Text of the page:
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Basilica di S. Apollinare Nuovo

The Basilica of Sant’Apollinare Nuovo was built in the 6th century . Outside the basilica, there is a marble portico and on the right side there is a cylindrical bell-tower of the 9th or 10th century, characteristic of the buildings in Ravenna.

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The mosaics consist of 3 parts. The upper part contains 26 scenes, the most ancient extant mosaic series on the New Testament. On the right, we see life of Jesus.

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The middle part consists of thirty-two figures of prophets, sixteen on each side.

The lower part commissioned by the Chancellery of Ravenna, contains mosaics that illustrate a magnificent procession of 22 male and female saints, each holding a symbolic crown. On the opposite wall, the twenty-six martyrs in white robes seem to form an infinitely long procession.

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Battistero degli Ariani

This baptistery was built around the end of the 5th century when Theodoric had consolidated his rule.

Nothing has left on the walls except the dome which has a beautiful mosaic depicting the baptism of Christ and the 12 Apostles.IMG_3803 IMG_3800 IMG_3802 IMG_3801 IMG_3805

 

 

Basilica di S. Apollinare in Classe

This basilica is out of the Ravenna town centre and you can go there by taking  buses no. 4 or 44. There stops right outside the train station and also in Piazza dei Caduti. The bus ride is 15- 20 mins and once you see the basilica, then you can ring the bell to get off the bus.

The basilica is built around 532 AD, Bishop Ursicinus began construction on a church in honor of St. Apollinaris next to a Christian burial ground in Classe. It was consecrated by Bishop Maximian on May 9, 549.

This basilica is not included in the combined ticket and the entrance fee is 5 euro.

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The basilica has a very spacious nave with side aisles. There are 58 windows, including five in the apse, flood the interior with light. The nave is supported on 24 slender marble columns .

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The apse 6th century mosaic depicts two scenes that blend into each other. At the top is an interestingly symbolic depiction of the Transfiguration. Jesus Christ is represented by a golden cross on a starry blue background, while the three apostles who were present at the Transfiguration – Peter, James and John – are represented by lambs. Flanking the cross against a backdrop of golden skies and sunset-tinged clouds are figurative depictions of Moses and Elijah, labeled with their names.

 

 

 

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The large cross is decorated with mosaic gems and a bust of Christ in the center. It has a Latin inscription at its base reading SALVS MVNDI, “Salvation of the World”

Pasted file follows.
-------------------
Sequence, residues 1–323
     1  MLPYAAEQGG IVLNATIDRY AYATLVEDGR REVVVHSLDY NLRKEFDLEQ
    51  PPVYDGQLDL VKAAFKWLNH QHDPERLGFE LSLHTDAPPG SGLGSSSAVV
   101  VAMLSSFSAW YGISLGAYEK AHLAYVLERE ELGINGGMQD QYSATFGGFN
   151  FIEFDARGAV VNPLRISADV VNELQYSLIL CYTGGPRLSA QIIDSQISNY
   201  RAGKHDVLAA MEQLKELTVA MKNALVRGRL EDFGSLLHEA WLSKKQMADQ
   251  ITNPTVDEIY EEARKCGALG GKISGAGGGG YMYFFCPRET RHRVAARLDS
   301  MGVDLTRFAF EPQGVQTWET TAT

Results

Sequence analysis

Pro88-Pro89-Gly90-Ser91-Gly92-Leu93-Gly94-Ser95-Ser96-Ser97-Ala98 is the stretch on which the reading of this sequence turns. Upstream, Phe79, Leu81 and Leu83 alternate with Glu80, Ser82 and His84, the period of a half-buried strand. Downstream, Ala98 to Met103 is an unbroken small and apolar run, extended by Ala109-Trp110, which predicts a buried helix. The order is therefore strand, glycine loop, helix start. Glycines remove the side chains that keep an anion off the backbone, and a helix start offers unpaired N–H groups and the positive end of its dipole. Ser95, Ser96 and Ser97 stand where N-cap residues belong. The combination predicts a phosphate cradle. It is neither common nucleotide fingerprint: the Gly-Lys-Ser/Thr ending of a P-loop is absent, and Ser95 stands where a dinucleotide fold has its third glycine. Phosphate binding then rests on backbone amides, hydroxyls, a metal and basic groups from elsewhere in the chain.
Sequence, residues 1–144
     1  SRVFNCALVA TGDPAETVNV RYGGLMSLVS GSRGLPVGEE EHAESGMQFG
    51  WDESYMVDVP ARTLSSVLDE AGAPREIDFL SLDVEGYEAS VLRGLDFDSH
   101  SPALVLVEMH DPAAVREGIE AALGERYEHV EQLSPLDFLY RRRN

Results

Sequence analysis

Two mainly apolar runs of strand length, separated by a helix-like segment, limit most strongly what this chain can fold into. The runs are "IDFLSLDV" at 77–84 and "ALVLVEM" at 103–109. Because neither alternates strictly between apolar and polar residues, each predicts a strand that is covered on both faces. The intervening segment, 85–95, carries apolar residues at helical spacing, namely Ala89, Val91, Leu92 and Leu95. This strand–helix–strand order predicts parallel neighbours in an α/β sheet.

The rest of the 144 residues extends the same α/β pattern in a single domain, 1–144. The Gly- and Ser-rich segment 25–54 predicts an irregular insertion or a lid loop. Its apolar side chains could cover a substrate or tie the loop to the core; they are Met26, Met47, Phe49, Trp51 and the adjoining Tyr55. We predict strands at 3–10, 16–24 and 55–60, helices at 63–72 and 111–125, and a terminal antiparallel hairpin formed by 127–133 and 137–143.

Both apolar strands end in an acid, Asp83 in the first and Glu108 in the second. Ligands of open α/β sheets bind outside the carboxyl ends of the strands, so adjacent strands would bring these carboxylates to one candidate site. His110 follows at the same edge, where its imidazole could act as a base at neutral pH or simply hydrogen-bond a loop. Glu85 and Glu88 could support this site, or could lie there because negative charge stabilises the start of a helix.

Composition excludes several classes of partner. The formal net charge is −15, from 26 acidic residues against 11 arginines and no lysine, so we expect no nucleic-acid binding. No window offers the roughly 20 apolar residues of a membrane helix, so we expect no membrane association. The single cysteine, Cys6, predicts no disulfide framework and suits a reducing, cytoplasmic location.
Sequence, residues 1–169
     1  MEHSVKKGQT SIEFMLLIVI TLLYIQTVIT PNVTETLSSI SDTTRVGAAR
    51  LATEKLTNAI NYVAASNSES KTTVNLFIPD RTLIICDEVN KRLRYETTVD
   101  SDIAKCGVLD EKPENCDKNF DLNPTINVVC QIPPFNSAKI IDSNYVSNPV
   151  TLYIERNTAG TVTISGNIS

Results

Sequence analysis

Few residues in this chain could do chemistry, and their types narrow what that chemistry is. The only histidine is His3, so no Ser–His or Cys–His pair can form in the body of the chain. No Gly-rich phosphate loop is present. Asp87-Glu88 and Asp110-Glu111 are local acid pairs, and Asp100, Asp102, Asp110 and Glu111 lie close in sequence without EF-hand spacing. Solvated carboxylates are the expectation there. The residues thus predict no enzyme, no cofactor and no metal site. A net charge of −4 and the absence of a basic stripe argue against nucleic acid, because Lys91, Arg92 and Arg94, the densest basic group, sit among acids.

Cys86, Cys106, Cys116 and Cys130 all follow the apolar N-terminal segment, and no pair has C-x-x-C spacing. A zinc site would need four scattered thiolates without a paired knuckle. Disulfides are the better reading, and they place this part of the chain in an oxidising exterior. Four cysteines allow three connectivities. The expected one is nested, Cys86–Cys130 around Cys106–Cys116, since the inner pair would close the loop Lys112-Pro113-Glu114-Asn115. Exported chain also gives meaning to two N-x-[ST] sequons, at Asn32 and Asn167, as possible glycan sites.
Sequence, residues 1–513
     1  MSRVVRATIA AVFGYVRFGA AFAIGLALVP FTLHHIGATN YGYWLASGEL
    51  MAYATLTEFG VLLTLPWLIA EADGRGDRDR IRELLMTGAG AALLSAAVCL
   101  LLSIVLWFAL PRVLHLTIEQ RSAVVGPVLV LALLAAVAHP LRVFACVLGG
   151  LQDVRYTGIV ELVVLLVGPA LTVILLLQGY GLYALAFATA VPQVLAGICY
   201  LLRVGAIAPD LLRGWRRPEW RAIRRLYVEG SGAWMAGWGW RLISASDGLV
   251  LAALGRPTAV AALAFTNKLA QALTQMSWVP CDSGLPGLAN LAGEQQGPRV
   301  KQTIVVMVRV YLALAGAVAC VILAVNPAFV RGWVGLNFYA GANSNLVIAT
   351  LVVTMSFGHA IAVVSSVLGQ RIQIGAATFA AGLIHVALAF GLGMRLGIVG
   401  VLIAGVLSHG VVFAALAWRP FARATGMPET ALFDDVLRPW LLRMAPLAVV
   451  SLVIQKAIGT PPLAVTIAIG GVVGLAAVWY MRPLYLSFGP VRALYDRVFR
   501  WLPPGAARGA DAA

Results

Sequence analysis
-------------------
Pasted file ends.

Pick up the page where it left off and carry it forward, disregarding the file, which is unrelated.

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Below this scene is the namesake of the basilica, St. Apollinaris, labeled with the inscription SANCTVS APOLENARIS. Around the saint is a soft green backdrop populated with rocks, birds, and plants.

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Basilica di San Francesco

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This Basilica was constructed in the 5th century , dedicating to St Peter. During the late 8th century, buildings of the 5th century were being torn down to build a bigger church and it was at that time the church bell tower was constructed.

In 1261, the Franciscan friar minors lived here and was then dedicated to San Francesco d’Assisi. In 1321, Dante’s funeral was held in this basilica.

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The interior of the basilica is divided into a nave and two side aisles – a 10th century crypt is still visible through a window situated under the altar, that contains a 5th century sarcophagus.

There is a coin machine right beside the window of the crypt and you can light up the crypt for roughly 2 mins by inserting a 1 euro coin in it.
The crypt floor is submerged in water and yet it is still possible to catch glimpse of the mosaic fragments which decorated the pavement of the original church.

 

Although I have seen the beautiful mosaic works in La Martorana in Palermo, Sicily in which the whole of the interior of the church is covered with gold mosaic and the fantastic huge floor mosaic in Aquileia,  Friuli-Venezia Giulia,  all the magnificent mosaic works in Ravenna still amaze me.

If you appreciate mosaic works as much as I do, then Ravenna is a town not to be missed.